In this case before us the Respondent took all necessary, steps in ensuring that this appeal is filed as soon as he realised that the time had lapsed and he filed an application for extension of time.

Article 126(2) (e) of the Constitution enjoins Courts in this Country to administer substantive justice without undue regard to technicalities. The import of this provision is that courts have a duty to examine all the circumstances of a case before rejecting it. In our view, this is a proper case where this Court should exercise its discretion under Rules 42 of the Rules of Court to have the ends of justice met.

Rule 42 (2) provides that;

“Notwithstanding sub Rule (1) of this rule, in any Civil matter, the Court may, on application or on its own motion, give leave to appeal and grant a consequential extension of time for doing any act as the justice of the case requires, or entertain an application under Rule 6 (2) of the these Rules in order to safe guard the right of Appeal, notwithstanding the fact that no application for that purpose has first been made to the High Court”.

It is obvious that the intended effect of Rule 42 is to bring an act within the accepted time if the justice of the case requires. There would have been no reason to have the above provision if an act done out of time was an incurable nullity. A document filed out of time is therefore voidable as it may be validated by extension of time. We are of the considered view that the justice of this case requires us to exercise our discretion under Rule 42 (a) to extend time for the respondent to file his appeal.

We make the following orders:-

  1. This application is hereby dismissed.
  2. We hereby grant a consequential extension of time for filing the Notice of Appeal and the appeal herein that is, Court of Appeal Civil Appeal No 89 o f 2010.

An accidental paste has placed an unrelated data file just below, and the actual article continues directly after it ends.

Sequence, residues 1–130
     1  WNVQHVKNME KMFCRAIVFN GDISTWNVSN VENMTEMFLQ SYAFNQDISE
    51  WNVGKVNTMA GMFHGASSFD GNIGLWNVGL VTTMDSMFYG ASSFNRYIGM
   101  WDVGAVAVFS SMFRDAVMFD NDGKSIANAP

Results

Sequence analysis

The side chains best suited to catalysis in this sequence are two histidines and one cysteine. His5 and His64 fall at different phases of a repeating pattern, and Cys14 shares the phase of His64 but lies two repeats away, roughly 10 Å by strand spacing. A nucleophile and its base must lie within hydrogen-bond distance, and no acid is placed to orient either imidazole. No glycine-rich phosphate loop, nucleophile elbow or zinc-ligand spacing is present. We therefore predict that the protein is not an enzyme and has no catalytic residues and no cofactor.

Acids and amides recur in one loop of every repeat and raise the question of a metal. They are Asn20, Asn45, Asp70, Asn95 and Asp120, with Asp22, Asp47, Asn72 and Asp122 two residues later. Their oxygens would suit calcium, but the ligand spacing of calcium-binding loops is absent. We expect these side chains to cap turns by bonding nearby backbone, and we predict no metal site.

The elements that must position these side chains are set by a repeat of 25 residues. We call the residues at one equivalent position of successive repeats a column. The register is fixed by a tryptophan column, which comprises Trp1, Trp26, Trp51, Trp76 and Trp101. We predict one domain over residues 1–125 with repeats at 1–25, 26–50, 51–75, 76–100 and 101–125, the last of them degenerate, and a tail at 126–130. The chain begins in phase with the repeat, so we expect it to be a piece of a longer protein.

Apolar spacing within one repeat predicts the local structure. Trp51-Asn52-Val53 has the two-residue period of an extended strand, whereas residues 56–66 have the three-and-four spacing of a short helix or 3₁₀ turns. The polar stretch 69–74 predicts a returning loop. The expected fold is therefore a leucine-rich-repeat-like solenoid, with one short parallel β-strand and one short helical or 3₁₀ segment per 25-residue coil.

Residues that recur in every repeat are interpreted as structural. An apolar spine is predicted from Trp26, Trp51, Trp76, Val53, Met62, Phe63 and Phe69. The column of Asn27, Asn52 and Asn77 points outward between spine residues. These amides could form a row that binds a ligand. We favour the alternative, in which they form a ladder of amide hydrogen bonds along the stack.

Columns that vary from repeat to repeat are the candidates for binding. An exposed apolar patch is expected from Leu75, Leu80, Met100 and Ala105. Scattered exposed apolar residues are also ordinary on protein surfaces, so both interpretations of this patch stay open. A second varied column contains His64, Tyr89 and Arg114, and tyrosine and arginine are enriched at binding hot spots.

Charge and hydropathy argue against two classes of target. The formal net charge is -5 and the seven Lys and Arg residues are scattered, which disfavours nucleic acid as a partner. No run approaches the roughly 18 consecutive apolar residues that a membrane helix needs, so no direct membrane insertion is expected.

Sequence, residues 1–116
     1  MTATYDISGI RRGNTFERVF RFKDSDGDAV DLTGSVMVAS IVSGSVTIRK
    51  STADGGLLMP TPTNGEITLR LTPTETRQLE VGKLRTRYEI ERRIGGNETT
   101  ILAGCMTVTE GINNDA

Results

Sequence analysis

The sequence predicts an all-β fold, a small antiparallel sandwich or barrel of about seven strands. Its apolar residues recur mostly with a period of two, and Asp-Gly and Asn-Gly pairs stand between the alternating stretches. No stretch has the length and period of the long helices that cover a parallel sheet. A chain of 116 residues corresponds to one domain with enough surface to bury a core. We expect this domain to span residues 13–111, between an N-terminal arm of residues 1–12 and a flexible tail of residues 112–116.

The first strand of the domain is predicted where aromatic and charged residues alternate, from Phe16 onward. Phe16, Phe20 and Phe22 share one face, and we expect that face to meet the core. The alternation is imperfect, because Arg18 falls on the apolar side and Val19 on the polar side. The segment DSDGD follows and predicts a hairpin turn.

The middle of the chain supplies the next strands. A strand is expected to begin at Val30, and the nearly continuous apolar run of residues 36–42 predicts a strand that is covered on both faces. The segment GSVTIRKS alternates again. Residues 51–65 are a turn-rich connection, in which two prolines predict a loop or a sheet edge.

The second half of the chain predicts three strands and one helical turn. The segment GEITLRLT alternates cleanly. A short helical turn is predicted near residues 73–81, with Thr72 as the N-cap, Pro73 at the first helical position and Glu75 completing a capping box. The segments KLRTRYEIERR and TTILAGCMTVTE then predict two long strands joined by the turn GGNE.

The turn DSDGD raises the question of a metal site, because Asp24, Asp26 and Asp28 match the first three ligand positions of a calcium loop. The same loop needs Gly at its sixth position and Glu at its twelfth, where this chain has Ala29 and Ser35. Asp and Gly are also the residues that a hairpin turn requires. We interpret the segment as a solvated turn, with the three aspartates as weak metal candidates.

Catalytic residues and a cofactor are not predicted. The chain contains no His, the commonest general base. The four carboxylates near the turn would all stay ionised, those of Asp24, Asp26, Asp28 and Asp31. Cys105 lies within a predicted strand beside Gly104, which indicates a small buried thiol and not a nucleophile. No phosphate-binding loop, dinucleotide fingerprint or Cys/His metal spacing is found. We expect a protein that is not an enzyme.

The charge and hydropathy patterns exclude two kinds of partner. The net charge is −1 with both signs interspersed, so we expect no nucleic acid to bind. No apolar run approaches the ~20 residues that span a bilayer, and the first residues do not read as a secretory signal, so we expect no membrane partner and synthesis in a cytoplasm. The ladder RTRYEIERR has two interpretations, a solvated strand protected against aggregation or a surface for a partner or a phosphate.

3. The late filing of the Notice of Appeal and the appeal herein is hereby validated.
  4. The above order disposes of Court Appeal Civil Application No. 197 o f 2010 between the same parties which is hereby struck out.
  5. The Registrar of this Court is hereby directed to fix the Court of Appeal Civil Appeal No 89 of 2010 for hearing at the earliest convenient date.
  6. The costs of this application shall abide the results of the appeal.

Before we take leave of this matter, we observe that this application would not have been necessary had the Register of this Court been more diligent.

The Registrar should always ensure that matters pending hearing arising from the same appeal are set for hearing in such a manner that meets the ends of Justice. In this case the application for extension of time ought to have been fixed and determined before this one.

 

Dated this 4th day of April 2016.

 

HON. LADY JUSTICE SOLOMY BALUNGI BOSSA, JA

 

HON. MR. JUSTICE KENNETH KAKURU, JA

 

HON. MR. JUSTICE CHEBERION BARISHAKI,JA